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C#: what is the operator => doing?

Posted on 2010-08-14
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Last Modified: 2013-12-17
Hi Experts:

I saw a section of C# code:
***************************************************************************************  
          System.Threading.ThreadPool.QueueUserWorkItem((state) =>
            {
                System.Threading.Thread.Sleep(3 * 1000);
                Dispatcher.BeginInvoke(() => BusyNote.IsBusy = false); }
            );
****************************************************************************************

Can anybody tell me what is the operator "=>" doing? and what is this section of code doing?
I know it is related to threading , but I don't understand the syntax involving "=>"

This section of code is from a SilverLight 4 application.


Thank you.
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Question by:huangs3
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4 Comments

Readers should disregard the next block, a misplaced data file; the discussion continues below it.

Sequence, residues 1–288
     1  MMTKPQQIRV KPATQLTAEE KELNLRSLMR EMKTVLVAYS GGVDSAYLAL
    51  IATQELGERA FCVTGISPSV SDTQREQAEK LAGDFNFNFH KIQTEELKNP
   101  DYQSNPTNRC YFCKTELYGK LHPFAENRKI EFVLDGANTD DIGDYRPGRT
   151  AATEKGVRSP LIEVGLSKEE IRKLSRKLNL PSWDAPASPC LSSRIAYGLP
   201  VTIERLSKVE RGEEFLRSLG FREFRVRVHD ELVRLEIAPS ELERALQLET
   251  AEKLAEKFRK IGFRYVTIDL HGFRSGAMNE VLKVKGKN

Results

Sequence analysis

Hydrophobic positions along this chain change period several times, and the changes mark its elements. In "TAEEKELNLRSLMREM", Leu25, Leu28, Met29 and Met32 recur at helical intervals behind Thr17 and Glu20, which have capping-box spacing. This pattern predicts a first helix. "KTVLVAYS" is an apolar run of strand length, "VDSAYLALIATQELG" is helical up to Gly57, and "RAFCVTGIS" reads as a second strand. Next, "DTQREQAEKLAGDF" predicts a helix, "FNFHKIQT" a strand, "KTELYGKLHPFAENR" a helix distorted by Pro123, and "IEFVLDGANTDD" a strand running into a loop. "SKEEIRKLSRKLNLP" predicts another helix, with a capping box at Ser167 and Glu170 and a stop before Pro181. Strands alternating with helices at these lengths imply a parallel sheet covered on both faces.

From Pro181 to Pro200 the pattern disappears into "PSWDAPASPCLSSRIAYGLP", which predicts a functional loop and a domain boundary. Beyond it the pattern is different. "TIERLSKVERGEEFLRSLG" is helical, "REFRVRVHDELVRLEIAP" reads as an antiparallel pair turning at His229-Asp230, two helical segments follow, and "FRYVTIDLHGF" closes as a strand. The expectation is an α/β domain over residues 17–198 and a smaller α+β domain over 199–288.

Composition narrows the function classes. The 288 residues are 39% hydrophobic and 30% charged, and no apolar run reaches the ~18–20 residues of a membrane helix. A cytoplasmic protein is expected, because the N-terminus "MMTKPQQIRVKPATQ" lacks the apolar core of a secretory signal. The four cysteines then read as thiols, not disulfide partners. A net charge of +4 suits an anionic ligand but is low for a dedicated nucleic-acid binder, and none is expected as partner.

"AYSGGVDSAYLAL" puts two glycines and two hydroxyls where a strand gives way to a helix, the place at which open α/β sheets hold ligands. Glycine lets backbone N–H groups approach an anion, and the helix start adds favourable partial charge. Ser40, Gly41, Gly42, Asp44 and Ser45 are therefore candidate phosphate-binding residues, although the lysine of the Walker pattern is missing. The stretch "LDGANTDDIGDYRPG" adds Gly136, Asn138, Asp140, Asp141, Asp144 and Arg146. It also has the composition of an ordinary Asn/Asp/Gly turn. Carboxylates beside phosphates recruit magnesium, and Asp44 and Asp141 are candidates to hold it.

LVL 30

Accepted Solution

by:
Reza Rad earned 1600 total points
ID: 33439384
=> is LAMBDA operator,
there are lots of useful things you can do with Lambda operator, take a look at these links:
http://msdn.microsoft.com/en-us/library/bb397687.aspx
http://www.switchonthecode.com/tutorials/csharp-tutorial-the-lambda-operator

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LVL 2

Assisted Solution

by:Algol36
Algol36 earned 200 total points
ID: 33439583
Over and above this code use anonimous method equivalent to the following:
...
Dispatcher.BeginInvoke(MyMethod}
...
void MyMethod()
{
  BusyNote.IsBusy = false;
}
0
 
LVL 1

Assisted Solution

by:funazonki
funazonki earned 200 total points
ID: 33440377
It might help to look at a simpler example - the lambda operator allows you to define anonymous functions that can be passed to other functions as parameters. The case you use above is a parameterless function. you can also define functions that take parameters. For example the following code calls the Count function that takes a boolean function as a parameter and returns the number of elements in the list for which the boolean is true.

                List<string> data = new List<string> { "one", "two", "three" };
                Console.WriteLine(data.Count(t=>t.Contains("o")));

The Console.WriteLine will write "2" to the console.
0
 

Author Closing Comment

by:huangs3
ID: 33442343
reza_rad has the earliest and the most important answer while Algol36 and funazonik provided the helpful examples.
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